Great-Grandma’s big, heavy cast iron skillet sits at the back of your cupboard, taking up room. Too bulky to use as a weight for your arm curls, but heavy enough to perform well as a doorstop, at one time, the cast iron skillet seemed to have outlived its usefulness in the kitchen ‒ until cooking magazines and TV food programs grabbed onto the old and turned it into the new. Suddenly, shiny, colorful, enamel-coated cast iron pots and skillets popped up everywhere. But before you toss the old to buy a newer version, take another look at Great-Grandma’s skillet. It just might be a valuable antique.

The Making of an Antique

It’s not likely that your skillet originated in China’s Jiangsu province during the time between the 5th to 3rd century B.C. Yet, that’s where historians date the beginnings of the use of iron. The Silk Road most likely brought iron to what are now the European countries, but it took many hundreds of years before weapons and armaments were forged from iron and turned into cookware.

How cannons evolved into Dutch ovens is another creative bent in history. Abraham Darby, an Englishman, found a way to cast the iron into thin-sided pots, added a trio of little feet on the bottom, giving birth to a pot that was perfect for cooking over an open fire. The year was 1707, and his patent set off a revolutionary development in the creation and production of cookware.

By the end of the 1800s, American producers had joined in the production of cast iron cookware. American companies held the reins of cast iron production in the United States, and the demand grew as production prices diminished along with consumer costs.

Producing Original Cast Iron Skillets

From the 1800s to the 1900s, all cast iron cookware was handmade from a mold, thus, the term “cast” when defining cast iron. The mold allowed intricate, manufacturer-designed elements to be incorporated into the design, including the producer’s logo. It also resulted in cookware that was lighter weight than the machine-produced cookware of today.

An example of the advantages of handmade molds: Lodge’s vintage cookware weighs approximately 1 pound less than that produced today, and the thickness of the sides is considerably less than today’s production.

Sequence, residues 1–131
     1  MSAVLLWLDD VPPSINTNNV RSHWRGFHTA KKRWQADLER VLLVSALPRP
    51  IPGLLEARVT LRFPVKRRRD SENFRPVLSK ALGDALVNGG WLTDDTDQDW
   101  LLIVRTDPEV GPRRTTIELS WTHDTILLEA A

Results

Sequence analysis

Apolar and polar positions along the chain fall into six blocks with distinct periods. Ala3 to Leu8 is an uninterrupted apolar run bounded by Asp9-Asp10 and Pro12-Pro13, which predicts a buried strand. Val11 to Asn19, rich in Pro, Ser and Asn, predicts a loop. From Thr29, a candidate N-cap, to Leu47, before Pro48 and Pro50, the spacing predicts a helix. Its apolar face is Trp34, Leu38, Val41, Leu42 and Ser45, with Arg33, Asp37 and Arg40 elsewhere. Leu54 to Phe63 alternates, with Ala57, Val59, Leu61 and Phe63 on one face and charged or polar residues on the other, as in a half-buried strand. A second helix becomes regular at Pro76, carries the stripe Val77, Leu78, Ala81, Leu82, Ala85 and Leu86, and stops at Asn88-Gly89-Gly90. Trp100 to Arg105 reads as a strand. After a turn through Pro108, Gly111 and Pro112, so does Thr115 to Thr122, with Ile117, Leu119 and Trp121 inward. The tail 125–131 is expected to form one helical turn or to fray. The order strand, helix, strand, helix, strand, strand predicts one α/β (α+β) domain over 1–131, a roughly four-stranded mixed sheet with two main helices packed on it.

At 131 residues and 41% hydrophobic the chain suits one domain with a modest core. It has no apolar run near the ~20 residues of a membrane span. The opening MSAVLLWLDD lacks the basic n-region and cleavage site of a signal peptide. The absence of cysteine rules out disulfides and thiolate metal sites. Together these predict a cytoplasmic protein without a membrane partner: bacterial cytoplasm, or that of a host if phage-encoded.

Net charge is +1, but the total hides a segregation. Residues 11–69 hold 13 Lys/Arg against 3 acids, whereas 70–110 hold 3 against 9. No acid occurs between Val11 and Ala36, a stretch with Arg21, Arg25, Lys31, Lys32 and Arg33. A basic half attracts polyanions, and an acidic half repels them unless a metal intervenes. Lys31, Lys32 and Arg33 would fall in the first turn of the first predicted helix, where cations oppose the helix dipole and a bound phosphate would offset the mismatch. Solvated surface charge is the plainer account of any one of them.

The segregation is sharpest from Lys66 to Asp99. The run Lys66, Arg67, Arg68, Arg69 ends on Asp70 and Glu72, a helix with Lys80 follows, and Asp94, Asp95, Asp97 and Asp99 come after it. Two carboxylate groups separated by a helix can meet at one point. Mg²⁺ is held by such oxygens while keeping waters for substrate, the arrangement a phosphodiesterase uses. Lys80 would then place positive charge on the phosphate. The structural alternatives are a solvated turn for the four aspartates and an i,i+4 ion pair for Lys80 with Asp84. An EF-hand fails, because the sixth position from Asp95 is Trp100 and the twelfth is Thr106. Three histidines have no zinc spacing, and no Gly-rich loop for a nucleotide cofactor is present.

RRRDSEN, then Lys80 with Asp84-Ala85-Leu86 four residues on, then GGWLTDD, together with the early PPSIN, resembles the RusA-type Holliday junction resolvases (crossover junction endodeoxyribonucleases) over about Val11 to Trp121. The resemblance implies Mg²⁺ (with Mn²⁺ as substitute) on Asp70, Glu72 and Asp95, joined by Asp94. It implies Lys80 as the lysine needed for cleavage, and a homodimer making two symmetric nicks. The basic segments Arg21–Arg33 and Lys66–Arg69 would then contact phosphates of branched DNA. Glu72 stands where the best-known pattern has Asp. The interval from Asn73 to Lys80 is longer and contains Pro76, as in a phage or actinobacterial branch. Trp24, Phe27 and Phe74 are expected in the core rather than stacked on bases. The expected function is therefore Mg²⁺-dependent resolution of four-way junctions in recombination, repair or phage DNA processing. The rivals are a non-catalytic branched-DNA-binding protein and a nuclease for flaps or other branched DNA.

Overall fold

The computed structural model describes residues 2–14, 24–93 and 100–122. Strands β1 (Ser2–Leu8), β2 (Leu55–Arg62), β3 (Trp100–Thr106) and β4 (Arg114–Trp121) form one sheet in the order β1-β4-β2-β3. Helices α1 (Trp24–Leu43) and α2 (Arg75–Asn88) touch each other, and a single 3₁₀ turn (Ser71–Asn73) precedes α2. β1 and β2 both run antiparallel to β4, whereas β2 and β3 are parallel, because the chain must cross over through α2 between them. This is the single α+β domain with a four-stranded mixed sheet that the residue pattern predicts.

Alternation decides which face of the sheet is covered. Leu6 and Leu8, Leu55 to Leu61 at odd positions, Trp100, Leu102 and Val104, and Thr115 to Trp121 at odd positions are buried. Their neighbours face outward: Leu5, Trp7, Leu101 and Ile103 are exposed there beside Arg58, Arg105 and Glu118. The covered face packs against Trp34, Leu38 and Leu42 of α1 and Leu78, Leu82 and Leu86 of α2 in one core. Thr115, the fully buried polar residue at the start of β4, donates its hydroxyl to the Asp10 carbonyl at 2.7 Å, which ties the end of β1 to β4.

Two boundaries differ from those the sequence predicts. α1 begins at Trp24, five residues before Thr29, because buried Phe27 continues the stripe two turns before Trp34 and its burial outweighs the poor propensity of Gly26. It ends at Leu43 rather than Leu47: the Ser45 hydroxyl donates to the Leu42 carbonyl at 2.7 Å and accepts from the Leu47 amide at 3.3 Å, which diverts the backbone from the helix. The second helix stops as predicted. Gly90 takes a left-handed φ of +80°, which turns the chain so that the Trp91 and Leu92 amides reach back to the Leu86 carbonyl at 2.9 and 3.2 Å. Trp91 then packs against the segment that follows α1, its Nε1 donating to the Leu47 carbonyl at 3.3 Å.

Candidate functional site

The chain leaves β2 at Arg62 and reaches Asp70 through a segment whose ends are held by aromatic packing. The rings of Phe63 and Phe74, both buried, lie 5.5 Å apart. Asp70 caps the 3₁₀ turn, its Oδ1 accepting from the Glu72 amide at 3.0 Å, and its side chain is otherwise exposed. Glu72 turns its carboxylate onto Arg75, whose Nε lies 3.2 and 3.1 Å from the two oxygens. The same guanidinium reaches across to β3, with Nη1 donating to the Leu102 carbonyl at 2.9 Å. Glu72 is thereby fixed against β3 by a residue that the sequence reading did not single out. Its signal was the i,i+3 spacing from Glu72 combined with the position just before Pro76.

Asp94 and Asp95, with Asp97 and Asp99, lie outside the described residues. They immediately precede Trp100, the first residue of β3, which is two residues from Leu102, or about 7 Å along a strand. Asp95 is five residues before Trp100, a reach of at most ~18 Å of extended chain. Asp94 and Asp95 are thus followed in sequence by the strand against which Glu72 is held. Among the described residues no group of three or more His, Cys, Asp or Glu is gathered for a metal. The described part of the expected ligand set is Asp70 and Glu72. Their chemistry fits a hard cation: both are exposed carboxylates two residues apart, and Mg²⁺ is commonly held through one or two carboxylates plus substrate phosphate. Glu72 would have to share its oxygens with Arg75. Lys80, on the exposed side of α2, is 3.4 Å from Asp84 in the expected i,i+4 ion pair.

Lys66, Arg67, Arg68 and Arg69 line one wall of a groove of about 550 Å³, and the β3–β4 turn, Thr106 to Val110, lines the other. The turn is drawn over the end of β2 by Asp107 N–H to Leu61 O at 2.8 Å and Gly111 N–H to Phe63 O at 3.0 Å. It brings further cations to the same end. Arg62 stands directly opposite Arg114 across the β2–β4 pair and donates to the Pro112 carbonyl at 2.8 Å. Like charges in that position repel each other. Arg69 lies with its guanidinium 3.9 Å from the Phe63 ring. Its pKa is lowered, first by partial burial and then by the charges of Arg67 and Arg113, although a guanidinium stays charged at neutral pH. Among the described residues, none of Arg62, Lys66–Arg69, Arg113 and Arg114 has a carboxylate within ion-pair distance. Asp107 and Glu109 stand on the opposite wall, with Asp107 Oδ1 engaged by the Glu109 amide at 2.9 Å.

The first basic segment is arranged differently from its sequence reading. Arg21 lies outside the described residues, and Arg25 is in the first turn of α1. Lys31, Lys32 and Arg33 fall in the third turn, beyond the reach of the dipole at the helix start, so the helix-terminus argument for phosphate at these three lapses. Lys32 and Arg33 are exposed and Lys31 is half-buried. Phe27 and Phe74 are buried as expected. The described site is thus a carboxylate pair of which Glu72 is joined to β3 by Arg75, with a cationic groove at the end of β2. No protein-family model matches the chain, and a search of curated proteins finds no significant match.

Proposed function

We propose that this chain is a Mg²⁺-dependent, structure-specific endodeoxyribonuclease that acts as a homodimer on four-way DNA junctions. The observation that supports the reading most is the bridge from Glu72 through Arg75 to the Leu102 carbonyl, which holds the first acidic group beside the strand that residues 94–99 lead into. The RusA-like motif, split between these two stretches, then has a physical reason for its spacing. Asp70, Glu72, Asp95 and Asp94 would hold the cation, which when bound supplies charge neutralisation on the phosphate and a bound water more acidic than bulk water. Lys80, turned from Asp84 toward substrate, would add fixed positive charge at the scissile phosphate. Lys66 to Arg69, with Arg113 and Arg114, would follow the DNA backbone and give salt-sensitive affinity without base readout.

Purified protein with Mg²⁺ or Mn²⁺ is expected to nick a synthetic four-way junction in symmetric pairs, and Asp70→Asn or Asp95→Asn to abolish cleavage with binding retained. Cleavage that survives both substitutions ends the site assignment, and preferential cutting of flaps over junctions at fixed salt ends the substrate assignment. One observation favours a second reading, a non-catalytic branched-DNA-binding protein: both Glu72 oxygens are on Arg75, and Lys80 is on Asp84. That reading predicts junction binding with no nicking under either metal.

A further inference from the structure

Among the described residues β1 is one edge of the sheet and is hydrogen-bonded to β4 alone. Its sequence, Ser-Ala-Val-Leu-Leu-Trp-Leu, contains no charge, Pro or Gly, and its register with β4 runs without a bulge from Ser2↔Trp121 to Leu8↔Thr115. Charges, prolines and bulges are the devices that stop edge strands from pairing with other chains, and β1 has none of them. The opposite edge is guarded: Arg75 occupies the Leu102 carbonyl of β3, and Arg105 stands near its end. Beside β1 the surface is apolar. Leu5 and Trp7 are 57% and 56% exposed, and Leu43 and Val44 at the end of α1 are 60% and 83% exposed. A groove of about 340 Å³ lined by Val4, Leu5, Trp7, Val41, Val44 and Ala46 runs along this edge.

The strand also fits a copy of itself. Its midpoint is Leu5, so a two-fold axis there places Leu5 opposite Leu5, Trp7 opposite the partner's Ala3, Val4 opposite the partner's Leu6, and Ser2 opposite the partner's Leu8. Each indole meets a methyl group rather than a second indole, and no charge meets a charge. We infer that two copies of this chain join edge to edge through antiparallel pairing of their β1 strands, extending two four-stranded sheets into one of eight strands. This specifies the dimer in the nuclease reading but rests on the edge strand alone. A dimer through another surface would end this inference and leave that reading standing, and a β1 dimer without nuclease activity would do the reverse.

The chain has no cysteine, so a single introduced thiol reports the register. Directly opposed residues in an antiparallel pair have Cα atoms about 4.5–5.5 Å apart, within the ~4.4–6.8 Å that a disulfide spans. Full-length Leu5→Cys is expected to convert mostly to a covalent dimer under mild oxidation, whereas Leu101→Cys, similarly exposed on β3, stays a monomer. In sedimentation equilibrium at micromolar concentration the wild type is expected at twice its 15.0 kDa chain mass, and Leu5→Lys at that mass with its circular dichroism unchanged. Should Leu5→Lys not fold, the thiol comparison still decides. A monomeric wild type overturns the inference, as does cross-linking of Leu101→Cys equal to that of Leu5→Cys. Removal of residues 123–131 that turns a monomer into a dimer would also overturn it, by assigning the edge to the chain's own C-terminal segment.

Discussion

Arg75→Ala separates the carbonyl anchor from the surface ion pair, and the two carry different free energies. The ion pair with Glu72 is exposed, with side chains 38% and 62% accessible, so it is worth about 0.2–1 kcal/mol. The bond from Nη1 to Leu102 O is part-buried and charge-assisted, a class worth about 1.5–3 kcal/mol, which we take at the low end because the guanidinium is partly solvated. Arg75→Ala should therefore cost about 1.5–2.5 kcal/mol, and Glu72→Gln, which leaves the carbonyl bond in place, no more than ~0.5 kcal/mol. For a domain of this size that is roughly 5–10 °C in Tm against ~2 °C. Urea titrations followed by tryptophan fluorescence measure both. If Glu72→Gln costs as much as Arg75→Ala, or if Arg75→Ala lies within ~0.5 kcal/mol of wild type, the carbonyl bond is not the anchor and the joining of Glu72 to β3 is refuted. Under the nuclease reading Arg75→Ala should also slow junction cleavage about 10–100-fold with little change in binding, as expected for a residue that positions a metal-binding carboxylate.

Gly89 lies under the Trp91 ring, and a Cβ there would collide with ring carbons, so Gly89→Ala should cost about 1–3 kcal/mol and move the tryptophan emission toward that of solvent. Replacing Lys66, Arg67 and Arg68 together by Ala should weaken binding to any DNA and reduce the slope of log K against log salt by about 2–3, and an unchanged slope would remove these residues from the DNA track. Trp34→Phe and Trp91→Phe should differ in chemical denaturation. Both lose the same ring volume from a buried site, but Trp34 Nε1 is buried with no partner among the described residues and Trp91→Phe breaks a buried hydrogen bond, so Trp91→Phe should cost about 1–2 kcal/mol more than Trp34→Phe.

Original cast iron always had a smooth surface. If yours has a surface that seems like fine sandpaper, it’s most likely a newer version or not produced in the United States.

Makers of Original Cookware

Griswold is the great-granddaddy of cast iron cookware. Originally a manufacturer of hardware, the company moved into the cookware business in the 1870s. Located in Erie, Pennsylvania, Griswold’s reign as the king of cast iron skillets, pots, pans, grinders and waffle irons extended into the 1950s, when lighter aluminum and Teflon products hit the market. Original Griswold skillets are collectors’ items and bring high prices on the open market.

In 1957, another cast iron cookware manufacturer, Wagner, bought out Griswold and closed the Erie production facility. An original cast iron manufacturer, Wagner had been in the cookware business since 1891 and was located in Sidney, Ohio. Its production quality surpassed that of Griswold and gained international fame.

Along came The Randall Corporation that bought Wagner in 1952, and McGraw Edison purchased Griswold in 1957. Later that year, Randall bought the Griswold line and united the two companies, shutting down the Erie plant. But soon after their full acquisition of Griswold, another company, Textron, bought both Griswold and Wagner, signaling the end of their quality cast iron skillet line.

Wapak is another Ohio-based cast iron producer that flourished in the early 1900s. Its life span was short, and the plant closed in 1926. While the company wasn’t around long, it did leave a treasure trove of collectibles in its wake. Casting flaws and ghost images indicate less-than-perfect manufacturing controls, which most likely led to the demise of the company but also add character to the cookware still in existence.

And that brings us to Lodge, the only continuously owned cast iron cookware manufacturer in America. Founded in South Pittsburgh, Tennessee, in 1891, the company is still family owned and still producing cast iron. Advancements in technology and enhancements of cast iron have enabled the company to remain competitive in the field of cast iron cookware.

Identifying Antique Cast Iron Skillets

Look at the bottom of a cast iron skillet. If you see a slash several inches long but no other manufacturing markings, you’ve hit the jackpot. That slash is known as a “gate mark,” and it’s a leftover from the casting process. It also means the skillet was produced prior to 1880.

If you see a ring around the bottom rim of the skillet, you’re also in antique country. Since stoves were originally made of wood, the “heat rings” were incorporated into the cast iron design to lift the pan so it wouldn’t touch the wood stove directly. Since the heat ring denotes use on a wood stove, it also means the piece is an antique!

“Makers marks,” in cast iron history, not bourbon history, are the easiest way to identify antique cast iron. With the name and logo emblazoned on the bottom of the skillet, its origin can be traced and even dated. While makers marks have undergone continual change, each mark fits onto a timeline for dating.